Velvet Cacoon - Genevieve review
|Release date:||March 2004|
02. P.S. Nautical
03. Avalon Polo
05. Fauna & Flora
07. Bete Noir
Black Metal is a genre that, despite popular belief, is not completely impervious to trends. One of the bands that painfully proved that is the American Velvet Cacoon. Within very little time, they became one of the most controversial and notorious Black Metal bands in the scene. An endless amount of rumours about drug-abuse, the "diesel harp" guitar, the stolen music and their political ideas turned almost every forum in a playground for giddy little kids, expressing their love or disgust for the band. And about a year later, it all turned out to be one big hoax. But what a brilliantly played, painfully reflective hoax it was.
And now, when Velvet Cacoon has been forgotten by pretty much everyone, I suddenly realized I still had no idea what I thought of the music. Of course, I bought the album and I've listened to it, but shamefully realized I never really paid a lot of attention to the music. I thought it was time to set things straight and do a review of this album, thus forcing myself to listen to it properly.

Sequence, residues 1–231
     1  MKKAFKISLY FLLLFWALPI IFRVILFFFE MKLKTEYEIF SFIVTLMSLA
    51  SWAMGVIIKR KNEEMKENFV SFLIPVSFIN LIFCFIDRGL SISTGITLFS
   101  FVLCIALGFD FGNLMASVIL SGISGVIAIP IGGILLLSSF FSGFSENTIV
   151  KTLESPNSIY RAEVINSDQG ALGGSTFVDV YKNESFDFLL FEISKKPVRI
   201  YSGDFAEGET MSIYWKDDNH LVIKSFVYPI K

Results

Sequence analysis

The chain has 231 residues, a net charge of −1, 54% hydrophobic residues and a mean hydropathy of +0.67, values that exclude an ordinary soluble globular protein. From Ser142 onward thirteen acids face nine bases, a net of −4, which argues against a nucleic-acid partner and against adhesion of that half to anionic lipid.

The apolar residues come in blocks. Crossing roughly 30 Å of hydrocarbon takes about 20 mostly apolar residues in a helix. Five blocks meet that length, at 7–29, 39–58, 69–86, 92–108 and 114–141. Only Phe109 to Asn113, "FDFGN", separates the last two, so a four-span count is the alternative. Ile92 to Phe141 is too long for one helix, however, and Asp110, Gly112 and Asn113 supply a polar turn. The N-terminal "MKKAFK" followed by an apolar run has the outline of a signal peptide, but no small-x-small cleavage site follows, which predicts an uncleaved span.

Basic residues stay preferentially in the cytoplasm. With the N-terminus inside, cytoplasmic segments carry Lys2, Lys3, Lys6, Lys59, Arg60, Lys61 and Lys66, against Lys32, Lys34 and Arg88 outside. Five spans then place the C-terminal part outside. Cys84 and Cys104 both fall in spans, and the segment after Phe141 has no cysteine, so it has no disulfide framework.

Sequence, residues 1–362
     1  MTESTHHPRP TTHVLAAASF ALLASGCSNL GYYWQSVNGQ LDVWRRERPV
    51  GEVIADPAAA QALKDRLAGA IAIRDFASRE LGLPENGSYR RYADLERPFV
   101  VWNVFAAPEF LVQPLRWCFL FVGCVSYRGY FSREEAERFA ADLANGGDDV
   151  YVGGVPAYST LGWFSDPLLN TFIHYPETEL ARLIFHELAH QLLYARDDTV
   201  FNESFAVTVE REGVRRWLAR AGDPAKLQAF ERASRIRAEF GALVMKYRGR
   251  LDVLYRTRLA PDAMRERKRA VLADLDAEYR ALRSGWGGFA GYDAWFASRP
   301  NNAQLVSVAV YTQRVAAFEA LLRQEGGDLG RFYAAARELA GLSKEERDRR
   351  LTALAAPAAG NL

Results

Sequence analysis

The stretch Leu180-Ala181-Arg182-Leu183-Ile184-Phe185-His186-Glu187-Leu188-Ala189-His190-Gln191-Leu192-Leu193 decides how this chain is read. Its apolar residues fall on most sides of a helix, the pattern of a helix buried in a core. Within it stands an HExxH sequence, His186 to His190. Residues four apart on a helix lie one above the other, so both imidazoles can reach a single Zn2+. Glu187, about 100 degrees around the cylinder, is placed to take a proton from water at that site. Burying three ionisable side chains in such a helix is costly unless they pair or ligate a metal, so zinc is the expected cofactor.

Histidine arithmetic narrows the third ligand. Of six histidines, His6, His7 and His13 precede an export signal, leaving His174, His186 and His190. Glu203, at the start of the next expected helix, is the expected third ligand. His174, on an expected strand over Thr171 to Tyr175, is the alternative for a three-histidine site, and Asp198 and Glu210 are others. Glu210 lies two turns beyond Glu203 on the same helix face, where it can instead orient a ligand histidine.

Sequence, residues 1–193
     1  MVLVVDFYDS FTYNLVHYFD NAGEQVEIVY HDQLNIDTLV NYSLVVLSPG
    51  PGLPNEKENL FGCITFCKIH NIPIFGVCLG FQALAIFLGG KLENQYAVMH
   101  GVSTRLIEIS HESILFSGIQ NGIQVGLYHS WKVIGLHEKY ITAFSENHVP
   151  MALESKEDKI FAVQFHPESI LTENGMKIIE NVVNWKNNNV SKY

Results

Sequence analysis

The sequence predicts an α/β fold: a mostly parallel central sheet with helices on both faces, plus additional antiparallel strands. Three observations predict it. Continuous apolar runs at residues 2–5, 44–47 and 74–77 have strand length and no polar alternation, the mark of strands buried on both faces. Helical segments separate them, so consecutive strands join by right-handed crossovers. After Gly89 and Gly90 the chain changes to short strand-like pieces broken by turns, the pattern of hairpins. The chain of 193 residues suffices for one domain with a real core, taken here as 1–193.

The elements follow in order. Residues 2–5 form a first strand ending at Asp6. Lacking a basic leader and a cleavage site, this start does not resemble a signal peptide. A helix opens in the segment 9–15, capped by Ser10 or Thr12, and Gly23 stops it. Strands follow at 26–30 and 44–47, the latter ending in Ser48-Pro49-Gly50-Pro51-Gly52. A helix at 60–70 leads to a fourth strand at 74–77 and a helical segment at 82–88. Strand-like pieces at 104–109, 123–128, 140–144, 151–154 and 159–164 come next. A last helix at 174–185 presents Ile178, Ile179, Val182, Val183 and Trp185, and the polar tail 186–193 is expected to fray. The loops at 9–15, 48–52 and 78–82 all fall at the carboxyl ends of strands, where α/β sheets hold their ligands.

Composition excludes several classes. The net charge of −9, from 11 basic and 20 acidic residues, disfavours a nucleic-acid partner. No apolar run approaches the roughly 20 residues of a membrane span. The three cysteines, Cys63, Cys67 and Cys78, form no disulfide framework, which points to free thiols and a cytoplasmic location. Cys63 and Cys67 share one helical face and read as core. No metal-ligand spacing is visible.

After the preparation rituals a warm, brooding buzz surrounds you. No single trace of a raw and harsh assault that Abyssic Hate or Make A Chance... Kill Yourself rely on, but a fuzzy, shoegaze-influenced flow of unconsciousness. A perfect guitar sound to slit your wrists to and slowly sink in your hot bathtub. Although various non-Black Metal fans that occasionally visit my house have repeatedly asked what hell the thing was that sounded so much like a washing machine.
Vocalist SGL (Josh) usually employs soft, demonic whispers. He sounds like a dying, breathless Gollem. A nice try but if he was going for a haunting effect he should have put them more in front of the guitar's buzz and give them a little more power, as a dying Gollem is quite harmless, since he is... well... dying. After a couple of songs they get a bit more heinous but still not to their full potential. A shame.
Then there is the ambient part of the equation. I'm far from an expert on Dark Ambient but I've heard a good amount of bands in the genre, and Velvet Cacoon fail miserably in comparison. Perhaps it has something to due with already having to deal with around fifty minutes of repetitive Black Metal before coming to the Dark Ambient, but whatever the reason is, it is boring.
In the end Velvet Cacoon's music is neither brilliant visionary music of the future, nor a completely crappy bedroom Black Metal band. In my experience the first songs of the album are overwhelming in their sound and tragic gestures, but the rest of the album drags on a till the fifty-five minutes are done. A classic example of "great, we found our own sound, now what are we gonna do with it?". This could have been much more, but then again, VC probably does not care about my opinion anyway.
||Written on 29.03.2008 by If you're interested in extreme, often emotional and underground music, check out my reviews. I retired from reviewing, but I really used to be into that stuff.|
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